Institute of Nanotechnology

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Wednesday, 22 January 2014
13:30 
Cooper-Pair Splitting and Spectroscopy in Double Quantum Dot Devices with Superconducting Charge Injector
Colloquium
Prof. Christian Schönenberger, Uni Basel, Nanoelectronics

Talk given by Prof. Christian Schönenberger An elegant idea for the creation of entangled electrons in a solid-state device is to split Cooper pairs, which are in a spin singlet state, by coupling a superconductor to two parallel quantum dots (QDs) in a Y-junction geometry [1]. Cooper pair splitting (CPS) was investigated recently in devices based on InAs nanowires [2,3] and carbon nanotubes (CNTs) [4,5] and identified by a positive correlation between the currents through the QDs. I will first discuss recent experiments that demonstrate high splitting efficiencies > 90%. A high CPS efficiency is a prerequisite for Bell state measurements, a clear way of proving that Cooper pairs can be extracted coherently and lead to spatially separated entangled electron pairs. Further requirements on entanglement measurements will be addressed in the talk as well. I will then continue to discuss new results in semiconducting nanowires with Nb contacts that display a great variety of correlations. Using also Nb as the injector another distinct experiment with CNT devices will be discussed. In the regime of a strong tunnel coupling between the QDs and superconducting contact, the CPS efficiency is expected to be small [5]. However, the superconducting proximity effect can support so-called Andreev bound states (ABS) on a QD, which can be detected by conventional transport spectroscopy [6]. Here we use a Niobium contacted CNT Cooper pair splitter and investigate the response of the ABS formed on one QD to CPS. We find an appreciable non-local conductance when the bias is large enough to excite charge fluctuations in the ABS. These non-local signals change sign with opposite bias and, more intriguingly, when the ABS ground state changes from a spin singlet to a doublet. Our experiments can be understood qualitatively in an intuitive picture for ABS and CPS and show that CPS can be used as a tool to investigate complex hybrid nanoelectronic structures. This is a collaborative effort with the groups of Szabolcs Csonka, Budapst University of Technology and Economy, Jesper Nygard, Nano-Science Center, Niels Bohr Institute of the University of Copenhagen, and Jan Martinek- IFM-PAN, Poznan, Polen. I acknowledge funding from the Swiss NFS, SNI , NCCR-QSIT, FP7-SE2ND and ERC-QUEST. References [1] P. Recher, E.V. Sukhorukov and D. Loss, Phys. Rev. B 63, 165314 (2001). [2] L. Hofstetter, S. Csonka, J. Nygård and C. Schönenberger, Nature 461, 960 (2009). [3] L. Hofstetter, S. Csonka, A. Baumgartner, G. Fülöp S. d’Hollosy, J. Nygård and C. Schönenberger, Phys. Rev. Lett. 107, 136801 (2011). [4] L.G. Herrmann, F. Portier, P. Roche, A. Levy Yeyati, T. Kontos and C. Strunk, Phys. Rev. Lett. 104, 026801 (2010). [5] J. Schindele, A. Baumgartner, and C. Schönenberger, Phys. Rev. Lett. 109, 157002 (2012). [6] J.-D. Pillet, C.H.L. Quay, P. Morfin, C. Bena, A. Levy Yeyati and P. Joyez, Nature Phys. 6, 965 (2010).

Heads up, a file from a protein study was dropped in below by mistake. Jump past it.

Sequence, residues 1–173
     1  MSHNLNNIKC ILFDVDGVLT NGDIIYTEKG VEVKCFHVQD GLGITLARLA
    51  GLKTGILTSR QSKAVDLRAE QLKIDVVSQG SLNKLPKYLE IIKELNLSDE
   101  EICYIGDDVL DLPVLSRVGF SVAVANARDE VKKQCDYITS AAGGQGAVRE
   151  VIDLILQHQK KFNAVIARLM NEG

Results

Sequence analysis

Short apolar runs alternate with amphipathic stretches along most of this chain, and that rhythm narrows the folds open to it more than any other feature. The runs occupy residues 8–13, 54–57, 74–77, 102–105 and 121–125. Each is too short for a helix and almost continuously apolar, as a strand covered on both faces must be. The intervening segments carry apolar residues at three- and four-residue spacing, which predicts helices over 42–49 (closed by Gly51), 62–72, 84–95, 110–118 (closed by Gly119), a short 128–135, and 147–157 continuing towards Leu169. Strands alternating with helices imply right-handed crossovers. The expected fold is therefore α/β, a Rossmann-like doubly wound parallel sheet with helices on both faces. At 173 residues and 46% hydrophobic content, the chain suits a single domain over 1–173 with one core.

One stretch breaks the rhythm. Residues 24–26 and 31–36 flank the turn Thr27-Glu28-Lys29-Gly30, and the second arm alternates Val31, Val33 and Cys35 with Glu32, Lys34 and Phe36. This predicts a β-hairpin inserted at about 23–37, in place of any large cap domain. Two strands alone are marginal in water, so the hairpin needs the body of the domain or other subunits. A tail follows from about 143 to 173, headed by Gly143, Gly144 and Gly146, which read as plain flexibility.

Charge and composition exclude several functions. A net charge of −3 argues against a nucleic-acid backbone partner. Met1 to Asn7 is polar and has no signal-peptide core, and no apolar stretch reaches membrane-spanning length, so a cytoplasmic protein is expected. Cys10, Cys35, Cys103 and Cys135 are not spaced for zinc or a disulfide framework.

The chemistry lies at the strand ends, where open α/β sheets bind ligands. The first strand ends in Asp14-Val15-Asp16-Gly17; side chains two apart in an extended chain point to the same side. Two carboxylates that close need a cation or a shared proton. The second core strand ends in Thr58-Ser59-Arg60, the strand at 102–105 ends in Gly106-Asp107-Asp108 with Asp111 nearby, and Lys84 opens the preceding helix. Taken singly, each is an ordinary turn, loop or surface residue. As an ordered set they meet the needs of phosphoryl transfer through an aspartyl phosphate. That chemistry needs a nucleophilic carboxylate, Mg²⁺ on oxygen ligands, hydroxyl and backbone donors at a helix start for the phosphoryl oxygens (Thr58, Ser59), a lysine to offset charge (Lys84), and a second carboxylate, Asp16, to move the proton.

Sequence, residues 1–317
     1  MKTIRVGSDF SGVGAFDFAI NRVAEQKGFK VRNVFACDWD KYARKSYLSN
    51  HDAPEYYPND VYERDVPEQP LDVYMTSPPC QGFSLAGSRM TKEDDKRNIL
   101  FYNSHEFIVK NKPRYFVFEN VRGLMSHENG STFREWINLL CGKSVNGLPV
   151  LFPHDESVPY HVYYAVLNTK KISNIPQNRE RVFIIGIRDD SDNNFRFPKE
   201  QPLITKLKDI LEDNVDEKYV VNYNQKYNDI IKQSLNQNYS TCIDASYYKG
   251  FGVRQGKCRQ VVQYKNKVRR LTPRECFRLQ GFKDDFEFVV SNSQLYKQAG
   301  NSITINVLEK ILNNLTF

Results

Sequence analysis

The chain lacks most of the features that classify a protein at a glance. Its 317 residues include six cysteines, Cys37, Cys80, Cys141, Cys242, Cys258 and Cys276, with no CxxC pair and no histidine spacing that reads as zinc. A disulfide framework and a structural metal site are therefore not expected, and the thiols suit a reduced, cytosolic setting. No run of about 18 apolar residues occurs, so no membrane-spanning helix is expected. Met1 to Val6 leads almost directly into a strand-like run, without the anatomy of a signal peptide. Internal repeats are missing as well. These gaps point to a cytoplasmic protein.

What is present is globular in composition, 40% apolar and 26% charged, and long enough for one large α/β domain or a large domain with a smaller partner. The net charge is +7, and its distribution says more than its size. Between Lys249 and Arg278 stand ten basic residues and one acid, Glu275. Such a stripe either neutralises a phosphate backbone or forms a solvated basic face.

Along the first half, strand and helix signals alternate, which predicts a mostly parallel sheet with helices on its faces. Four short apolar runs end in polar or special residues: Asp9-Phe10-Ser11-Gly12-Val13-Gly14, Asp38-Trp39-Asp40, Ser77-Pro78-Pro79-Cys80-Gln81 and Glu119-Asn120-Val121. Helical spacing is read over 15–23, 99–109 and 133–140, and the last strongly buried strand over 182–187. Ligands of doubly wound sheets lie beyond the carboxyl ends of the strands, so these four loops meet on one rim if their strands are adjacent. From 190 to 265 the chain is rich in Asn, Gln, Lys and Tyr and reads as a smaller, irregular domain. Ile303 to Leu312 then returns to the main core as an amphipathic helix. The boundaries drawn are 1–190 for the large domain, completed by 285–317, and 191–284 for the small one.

16:30 
Functional Nanomaterials: Synthesis, Properties, Application
Colloquium
Prof. Claus Feldmann

This presentation addresses the synthesis and characterization of selected nanomaterials, including less-noble metals, inorganic-organic hybrids, and hollow spheres. These nanomaterials are prepared via polyol-mediated synthesis, microemulsion techniques, ionic liquids and aqueous precipitation. Materials-related properties and potential areas of application relate to nanoscale luminescent materials, nanocontainers for biomedical issues, gas sorption and gas separation, catalysis/photocatalysis and thin-film solar cells. A current example of our synthesis activities is illustrated with the following scheme:

Wednesday, 29 January 2014
16:30 
Metadynamics for Computational Heterogeneous Catalysis
Colloquium
Prof. Bernd Meyer, FAU Erlangen-Nürnberg, Interdisciplinary Center for Molecular Materials (ICMM) and Computer-Chemistry-Center (CCC)